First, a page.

std::vector<T,Allocator>::resize (3) - Linux Manuals
void resize( size_type count, T value = T() ); (until C++11)
void resize( size_type count ); (1) (since C++11)
void resize( size_type count, const value_type& value ); (2) (since C++11)
Resizes the container to contain count elements.
If the current size is greater than count, the container is reduced to its first count elements.
If the current size is less than count, additional elements are appended and initialized with copies of value. (until C++11)
If the current size is less than count,
1) additional default-inserted elements are appended (since C++11)
2) additional copies of value are appended
T must meet the requirements of MoveInsertable and DefaultInsertable in order to use overload (1).
T must meet the requirements of CopyInsertable in order to use overload (2).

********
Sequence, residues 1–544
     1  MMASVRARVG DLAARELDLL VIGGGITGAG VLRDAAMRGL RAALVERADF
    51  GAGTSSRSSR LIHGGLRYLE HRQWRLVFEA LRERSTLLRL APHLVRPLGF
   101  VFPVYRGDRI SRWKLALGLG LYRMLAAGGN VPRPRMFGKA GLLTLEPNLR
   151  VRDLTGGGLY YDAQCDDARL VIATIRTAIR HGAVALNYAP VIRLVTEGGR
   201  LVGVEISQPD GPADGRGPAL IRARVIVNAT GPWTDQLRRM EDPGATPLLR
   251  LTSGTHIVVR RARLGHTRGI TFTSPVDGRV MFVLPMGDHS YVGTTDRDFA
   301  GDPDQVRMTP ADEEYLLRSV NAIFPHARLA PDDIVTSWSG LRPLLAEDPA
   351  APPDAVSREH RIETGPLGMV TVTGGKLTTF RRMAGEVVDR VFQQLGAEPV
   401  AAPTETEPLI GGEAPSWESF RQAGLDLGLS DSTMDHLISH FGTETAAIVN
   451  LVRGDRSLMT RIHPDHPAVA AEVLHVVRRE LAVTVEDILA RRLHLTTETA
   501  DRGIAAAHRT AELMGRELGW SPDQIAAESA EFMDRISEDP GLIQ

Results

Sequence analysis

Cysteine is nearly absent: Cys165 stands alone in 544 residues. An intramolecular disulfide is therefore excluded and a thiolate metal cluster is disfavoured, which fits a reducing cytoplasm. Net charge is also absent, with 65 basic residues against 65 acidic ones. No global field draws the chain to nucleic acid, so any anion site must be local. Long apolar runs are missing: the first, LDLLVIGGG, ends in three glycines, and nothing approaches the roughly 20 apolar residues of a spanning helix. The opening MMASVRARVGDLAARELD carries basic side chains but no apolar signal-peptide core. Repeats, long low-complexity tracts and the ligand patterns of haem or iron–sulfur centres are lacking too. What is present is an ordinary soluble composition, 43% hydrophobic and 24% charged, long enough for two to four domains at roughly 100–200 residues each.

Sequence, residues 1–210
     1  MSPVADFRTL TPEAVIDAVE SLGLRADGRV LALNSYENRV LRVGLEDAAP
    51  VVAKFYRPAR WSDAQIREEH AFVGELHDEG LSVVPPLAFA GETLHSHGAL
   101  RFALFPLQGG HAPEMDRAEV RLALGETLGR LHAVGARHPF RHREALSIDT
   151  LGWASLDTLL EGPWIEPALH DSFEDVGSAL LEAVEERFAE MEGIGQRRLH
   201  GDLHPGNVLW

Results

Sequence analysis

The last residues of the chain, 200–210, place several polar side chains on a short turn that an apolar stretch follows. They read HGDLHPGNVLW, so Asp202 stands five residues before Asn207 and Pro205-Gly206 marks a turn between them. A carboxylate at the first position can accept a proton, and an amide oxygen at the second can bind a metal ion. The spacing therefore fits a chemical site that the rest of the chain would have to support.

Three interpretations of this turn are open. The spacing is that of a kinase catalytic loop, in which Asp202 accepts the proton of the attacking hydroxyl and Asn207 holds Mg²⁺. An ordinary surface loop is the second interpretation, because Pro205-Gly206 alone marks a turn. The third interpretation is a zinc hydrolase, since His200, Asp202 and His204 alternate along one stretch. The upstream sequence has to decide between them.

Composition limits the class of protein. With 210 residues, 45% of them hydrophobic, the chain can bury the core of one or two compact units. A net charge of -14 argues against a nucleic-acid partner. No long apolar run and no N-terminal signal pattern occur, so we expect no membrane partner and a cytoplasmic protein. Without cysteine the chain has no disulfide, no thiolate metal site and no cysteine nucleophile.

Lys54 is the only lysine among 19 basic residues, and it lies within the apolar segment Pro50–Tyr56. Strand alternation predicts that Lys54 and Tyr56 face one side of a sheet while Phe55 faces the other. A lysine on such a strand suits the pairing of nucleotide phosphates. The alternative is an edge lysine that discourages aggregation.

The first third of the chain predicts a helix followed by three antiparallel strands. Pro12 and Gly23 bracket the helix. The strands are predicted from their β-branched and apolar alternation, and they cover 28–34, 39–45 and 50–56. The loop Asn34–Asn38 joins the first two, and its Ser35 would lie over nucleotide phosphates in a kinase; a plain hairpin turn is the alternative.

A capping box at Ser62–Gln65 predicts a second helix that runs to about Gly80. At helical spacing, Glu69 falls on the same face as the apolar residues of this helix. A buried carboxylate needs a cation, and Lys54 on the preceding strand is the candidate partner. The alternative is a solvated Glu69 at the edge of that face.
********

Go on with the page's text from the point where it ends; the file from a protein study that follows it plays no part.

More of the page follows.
Linear in the difference between the current size and count. Additional complexity possible due to reallocation if capacity is less than count
If an exception is thrown, this function has no effect (strong_exception_guarantee).
In overload (1), if T's move constructor is not noexcept and T is not CopyInsertable into *this, vector will use the throwing move constructor. If it throws, the guarantee is waived and the effects are unspecified. (since C++11)
If value-initialization in overload (1) is undesirable, for example, if the elements are of non-class type and zeroing out is not needed, it can be avoided by providing a custom_Allocator::construct.
Vector capacity is never reduced when resizing to smaller size because that would invalidate all iterators, rather than only the ones that would be invalidated by the equivalent sequence of pop_back() calls.
// Run this code
size (public member function)
insert (public member function)
erase (public member function)